Like many British millennials, I have sacred memories of late afternoons in the early Noughties, when BBC Two laid on The Simpsons and The Fresh Prince of Bel Air back to back. This holy one-two of family friendly American entertainment has never been bettered. So I watched the trailer for the rebooted more “grown up” version of Fresh Prince, Bel-Air, with the nervous hope of someone checking a bottle of milk to see if it had gone off. Remaking beloved programmes is a risky business. They tend to be at best pointless, and at worst enough to retrospectively diminish your impression of the original.
Sadly, any critical faculties I have were rendered mute. Watching the trailer, I could only manage a single thought: what the hell have they done to Uncle Phil? Played by James Avery, Uncle Phil was a big character, literally and figuratively. He had a hearty appetite and the girth to prove it. It fit his character. Without wishing to pretend this was the kind of thing I reflected on much after school when I was 10, I think as someone prone to a little softness around the edges I found Uncle Phil subconsciously reassuring. Here was a bloke who was powerful, popular, professionally successful, and romantically attractive, albeit not all of them and not all at the same time.
If Will (as in, Smith) was the prince, Phil was the king. Whatever scrapes Will, Carlton and the rest got themselves into, Phil was always there to bail them out. Sure, Phil could be stern, and he had a temper, but it was always for the right reasons. He was ambitious for his children, anxious that the privilege afforded by his professional success would not impede them from making the best of themselves. If he was framed as Will’s antagonist, that was more to do with Will’s immaturity than any malice on Phil’s part.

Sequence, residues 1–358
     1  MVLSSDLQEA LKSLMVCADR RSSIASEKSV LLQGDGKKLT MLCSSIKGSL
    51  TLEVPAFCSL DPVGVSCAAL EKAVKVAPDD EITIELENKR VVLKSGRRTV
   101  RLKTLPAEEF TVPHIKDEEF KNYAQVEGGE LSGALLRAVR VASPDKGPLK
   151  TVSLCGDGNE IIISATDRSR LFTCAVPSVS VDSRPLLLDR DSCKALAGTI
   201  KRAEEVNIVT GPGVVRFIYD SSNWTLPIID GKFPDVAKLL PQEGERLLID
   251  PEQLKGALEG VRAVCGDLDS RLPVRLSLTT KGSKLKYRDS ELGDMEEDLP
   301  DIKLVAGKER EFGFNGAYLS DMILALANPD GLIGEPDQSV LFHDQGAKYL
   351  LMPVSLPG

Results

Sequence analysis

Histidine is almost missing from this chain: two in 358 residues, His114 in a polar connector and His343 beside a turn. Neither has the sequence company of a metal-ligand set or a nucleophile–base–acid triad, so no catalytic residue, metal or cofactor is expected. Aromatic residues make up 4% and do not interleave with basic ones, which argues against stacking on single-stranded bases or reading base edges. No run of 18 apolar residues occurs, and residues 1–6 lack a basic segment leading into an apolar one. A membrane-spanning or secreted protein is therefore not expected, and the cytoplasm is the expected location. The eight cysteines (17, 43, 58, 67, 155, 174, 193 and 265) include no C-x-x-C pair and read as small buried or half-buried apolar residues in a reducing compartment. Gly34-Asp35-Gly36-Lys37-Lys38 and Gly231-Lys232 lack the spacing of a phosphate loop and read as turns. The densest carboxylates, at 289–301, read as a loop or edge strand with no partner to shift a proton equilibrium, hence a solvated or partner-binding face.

At heart, Phil was a deeply kind man, a male role model for Will who gave refuge to his miscreant nephew after he got in one little fight in Philadelphia and his mother worried for his future. Uncle Phil was rich and had put himself up in a White House-looking mansion in one of the fanciest neighbourhoods in America. But he was no trustafarian. He was a self-made man, a Princeton and Harvard graduate, a lawyer with a proud history of involvement in the civil rights movement. He embodied the American dream. He believed in waking up in the morning, dressing the part and working hard, an archetypal Reaganite. Uncle Phil was prosperity, inside and out. No longer. In the new trailer, Phil, now played by Adrian Holmes, is decidedly trim, broad of shoulder but narrow of waist. Publicity photos highlight the actor’s bulging guns. It’s an outrage. Uncle Phil should not have guns.
We shouldn’t be surprised. Gradually, the big men are being winnowed out of TV. There was a time when you hardly move for them. Mark Addy in Still Standing; John Goodman in Roseanne; Jackie Gleason in The Honeymooners; Kevin James in The King of Queens; Jim O’Heir in Parks and Recreation, James Gandolfini in The Sopranos. They all exerted a kind of large dad authority. Uncle Phil’s weight was occasionally the subject of teasing from the younger generation, and he did suffer a massive heart attack, but it was never a moral failing. He was just a big dude, his size a part of him but far from his only quality. This seems like a healthier message than the current situation on TV, where everyone looks like they have been sculpted by Michelangelo except for one or two fat exceptions, whose stories are all about their size, one way or another.
For all the talk of body positivity and diversity, big guys are rarer than ever. When Modern Family finished in 2020, taking with it Eric Stonestreet’s cuddly icon Cameron Tucker, so too did the most prominent live-action big dad. The remaining big dads tend to be animated. Think of Homer Simpson, Peter Griffin, or Peppa’s useless Daddy Pig who gets stuck in the soft play area. It’s easier for dads to be fat in cartoons, where it can be a purely comic device and their weight doesn’t invite sanctimonious worries about the actor’s health.
As with his dark analogue Tony Soprano, another patriarch of large appetites and firm family standards, in the original Fresh Prince, Uncle Phil’s size made sense. Now it’s out of time. In the era of Peloton and ultramarathons and keto diets, being overweight in wealthy American circles is tantamount to failure of character. Nowhere is this truer than California, where tech tycoons and LA media titans measure their body fat to the last percentage point. We mustn’t put all the blame on society. Actors tend not to be large. And there’s no particular reason why Uncle Phil has to be fat. It’s just that he was. This is the problem with remakes, and with worrying too much about your weight: you have to remember there are plenty of people who love you just the way you are. And that’s just the kind of cutesy little moral Uncle Phil would have hated.